- Associated Press - Tuesday, June 21, 2016

BISMARCK, N.D. (AP) - Minot will on Wednesday mark the five-year anniversary of the day Souris River floodwaters breached the city’s dike system.

Warning sirens sounded on June 22, 2011, as floodwaters inundated much of North Dakota’s fourth-largest city, following excessive snowmelt and rainfall in the basin.

The Souris River enters North Dakota from Canada, loops down through Minot and meanders back across the border. The 2011 flood damaged or destroyed more than 4,000 buildings in Minot, displacing more than 11,000 people and causing about $700 million in damage. There was additional damage in rural areas, bringing the total to more than $1 billion.

The flood also caused a housing shortage, prompting the Federal Emergency Management Agency to bring in about 2,000 temporary units for flood victims.

“It impacted so many in and out of the flood zone,” Mayor Chuck Barney said in a statement. “I think inviting the community to join us in talking about what we went through then will help us discuss what we can do going forward.”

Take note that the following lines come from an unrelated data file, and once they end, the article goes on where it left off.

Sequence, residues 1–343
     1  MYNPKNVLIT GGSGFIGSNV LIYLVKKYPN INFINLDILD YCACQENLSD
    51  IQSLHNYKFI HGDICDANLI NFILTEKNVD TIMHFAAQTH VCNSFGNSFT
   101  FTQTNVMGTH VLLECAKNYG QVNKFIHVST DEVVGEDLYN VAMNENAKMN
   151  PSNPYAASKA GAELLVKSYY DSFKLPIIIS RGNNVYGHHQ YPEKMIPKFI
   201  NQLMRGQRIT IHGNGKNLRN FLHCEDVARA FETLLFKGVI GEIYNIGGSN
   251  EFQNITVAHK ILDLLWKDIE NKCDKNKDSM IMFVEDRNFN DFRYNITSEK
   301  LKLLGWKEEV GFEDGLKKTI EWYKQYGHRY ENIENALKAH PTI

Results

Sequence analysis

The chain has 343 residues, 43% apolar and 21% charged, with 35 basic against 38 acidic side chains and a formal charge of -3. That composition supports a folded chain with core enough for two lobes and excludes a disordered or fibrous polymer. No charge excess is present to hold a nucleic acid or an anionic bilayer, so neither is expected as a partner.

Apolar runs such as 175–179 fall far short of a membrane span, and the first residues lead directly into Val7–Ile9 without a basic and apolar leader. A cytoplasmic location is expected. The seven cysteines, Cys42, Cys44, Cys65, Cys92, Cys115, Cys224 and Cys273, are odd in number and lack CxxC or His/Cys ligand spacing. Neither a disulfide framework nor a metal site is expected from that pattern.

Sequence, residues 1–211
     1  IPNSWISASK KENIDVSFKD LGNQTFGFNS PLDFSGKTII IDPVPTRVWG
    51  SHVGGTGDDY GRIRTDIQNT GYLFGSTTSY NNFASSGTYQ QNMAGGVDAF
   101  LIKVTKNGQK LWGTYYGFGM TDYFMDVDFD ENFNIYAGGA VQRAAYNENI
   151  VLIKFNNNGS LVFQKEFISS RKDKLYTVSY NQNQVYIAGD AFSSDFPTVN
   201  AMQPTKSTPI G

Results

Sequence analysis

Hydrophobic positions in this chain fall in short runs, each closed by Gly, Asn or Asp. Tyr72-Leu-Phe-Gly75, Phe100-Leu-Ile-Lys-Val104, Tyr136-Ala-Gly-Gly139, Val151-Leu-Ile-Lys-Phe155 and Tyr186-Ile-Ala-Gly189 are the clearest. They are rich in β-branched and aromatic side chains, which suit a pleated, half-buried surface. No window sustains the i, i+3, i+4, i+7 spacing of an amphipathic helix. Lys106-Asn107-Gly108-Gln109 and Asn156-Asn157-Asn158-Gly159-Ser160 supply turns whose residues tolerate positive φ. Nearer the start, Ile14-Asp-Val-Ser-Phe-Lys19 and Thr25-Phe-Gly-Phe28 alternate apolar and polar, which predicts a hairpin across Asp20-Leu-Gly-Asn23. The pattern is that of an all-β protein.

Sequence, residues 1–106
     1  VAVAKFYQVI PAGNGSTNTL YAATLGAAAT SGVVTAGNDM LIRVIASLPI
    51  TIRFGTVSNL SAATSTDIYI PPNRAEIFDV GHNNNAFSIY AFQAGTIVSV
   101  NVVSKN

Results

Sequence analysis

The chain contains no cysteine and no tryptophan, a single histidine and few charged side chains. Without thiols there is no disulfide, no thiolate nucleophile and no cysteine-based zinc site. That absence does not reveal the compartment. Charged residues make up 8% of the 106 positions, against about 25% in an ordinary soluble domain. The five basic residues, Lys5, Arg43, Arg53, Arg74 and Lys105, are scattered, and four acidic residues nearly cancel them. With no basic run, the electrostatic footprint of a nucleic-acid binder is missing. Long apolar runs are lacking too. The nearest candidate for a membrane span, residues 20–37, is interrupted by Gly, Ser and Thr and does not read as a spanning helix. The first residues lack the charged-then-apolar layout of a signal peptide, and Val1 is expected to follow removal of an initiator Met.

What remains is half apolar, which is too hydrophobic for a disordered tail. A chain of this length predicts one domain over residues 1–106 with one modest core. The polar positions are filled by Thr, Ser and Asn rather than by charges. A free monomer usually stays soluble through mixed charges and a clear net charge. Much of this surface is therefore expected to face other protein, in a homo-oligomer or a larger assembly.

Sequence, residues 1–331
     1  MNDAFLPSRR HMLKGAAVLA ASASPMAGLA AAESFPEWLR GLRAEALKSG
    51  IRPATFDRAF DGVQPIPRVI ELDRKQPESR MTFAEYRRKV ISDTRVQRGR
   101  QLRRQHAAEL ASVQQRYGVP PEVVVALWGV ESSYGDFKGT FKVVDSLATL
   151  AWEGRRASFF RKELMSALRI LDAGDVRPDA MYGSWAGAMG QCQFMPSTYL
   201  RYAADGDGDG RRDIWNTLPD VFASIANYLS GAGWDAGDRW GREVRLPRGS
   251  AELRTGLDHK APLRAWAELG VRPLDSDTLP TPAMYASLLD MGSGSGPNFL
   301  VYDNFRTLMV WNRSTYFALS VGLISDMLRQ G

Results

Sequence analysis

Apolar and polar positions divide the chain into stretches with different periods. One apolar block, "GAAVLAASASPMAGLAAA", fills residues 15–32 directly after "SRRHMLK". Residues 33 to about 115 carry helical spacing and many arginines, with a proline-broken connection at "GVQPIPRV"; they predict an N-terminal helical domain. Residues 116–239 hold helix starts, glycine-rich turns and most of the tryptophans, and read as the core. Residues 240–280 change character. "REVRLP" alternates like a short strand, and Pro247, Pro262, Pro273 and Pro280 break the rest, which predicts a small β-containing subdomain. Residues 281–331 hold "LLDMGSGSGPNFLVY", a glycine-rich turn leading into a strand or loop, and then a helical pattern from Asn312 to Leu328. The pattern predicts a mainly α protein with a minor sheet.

Barney plans to speak at a community ceremony scheduled for 12:30 p.m. Wednesday at the amphitheater in the city’s Oak Park, which has heavily damaged by the flooding. City leaders will discuss the status of recovery efforts and work being done to make the city more resilient to flooding in the future.

“Looking back is the best way to move forward,” he said.

A moment of silence will be observed at 12:57, the minute the sirens sounded five years ago.

Officials are using state and federal funds to address pressing needs, such as building ring dikes around flood-susceptible rural homes and a flood wall around Minot’s water treatment plant.

The U.S. Army Corps of Engineers in spring launched what is expected to be a three-year study of permanent flood protection for the basin, an effort that could cost $1 billion.

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Follow Blake Nicholson on Twitter at: https://twitter.com/NicholsonBlake

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